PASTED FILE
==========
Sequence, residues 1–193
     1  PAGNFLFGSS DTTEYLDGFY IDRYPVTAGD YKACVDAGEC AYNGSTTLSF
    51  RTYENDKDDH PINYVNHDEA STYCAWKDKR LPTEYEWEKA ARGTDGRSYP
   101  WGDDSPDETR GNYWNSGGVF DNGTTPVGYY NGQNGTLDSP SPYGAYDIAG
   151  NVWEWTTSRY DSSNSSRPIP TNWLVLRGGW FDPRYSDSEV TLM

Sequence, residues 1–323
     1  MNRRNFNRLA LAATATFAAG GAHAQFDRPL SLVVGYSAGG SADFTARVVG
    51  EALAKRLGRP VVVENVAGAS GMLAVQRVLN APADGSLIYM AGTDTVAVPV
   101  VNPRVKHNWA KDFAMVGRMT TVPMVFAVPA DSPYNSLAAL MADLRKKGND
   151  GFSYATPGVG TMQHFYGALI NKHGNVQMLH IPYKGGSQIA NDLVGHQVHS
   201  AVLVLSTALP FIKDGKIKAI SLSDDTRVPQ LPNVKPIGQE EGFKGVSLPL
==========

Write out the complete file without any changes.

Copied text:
Sequence, residues 1–193
     1  PAGNFLFGSS DTTEYLDGFY IDRYPVTAGD YKACVDAGEC AYNGSTTLSF
    51  RTYENDKDDH PINYVNHDEA STYCAWKDKR LPTEYEWEKA ARGTDGRSYP
   101  WGDDSPDETR GNYWNSGGVF DNGTTPVGYY NGQNGTLDSP SPYGAYDIAG
   151  NVWEWTTSRY DSSNSSRPIP TNWLVLRGGW FDPRYSDSEV TLM

Sequence, residues 1–323
     1  MNRRNFNRLA LAATATFAAG GAHAQFDRPL SLVVGYSAGG SADFTARVVG
    51  EALAKRLGRP VVVENVAGAS GMLAVQRVLN APADGSLIYM AGTDTVAVPV
   101  VNPRVKHNWA KDFAMVGRMT TVPMVFAVPA DSPYNSLAAL MADLRKKGND
   151  GFSYATPGVG TMQHFYGALI NKHGNVQMLH IPYKGGSQIA NDLVGHQVHS
   201  AVLVLSTALP FIKDGKIKAI SLSDDTRVPQ LPNVKPIGQE EGFKGVSLPL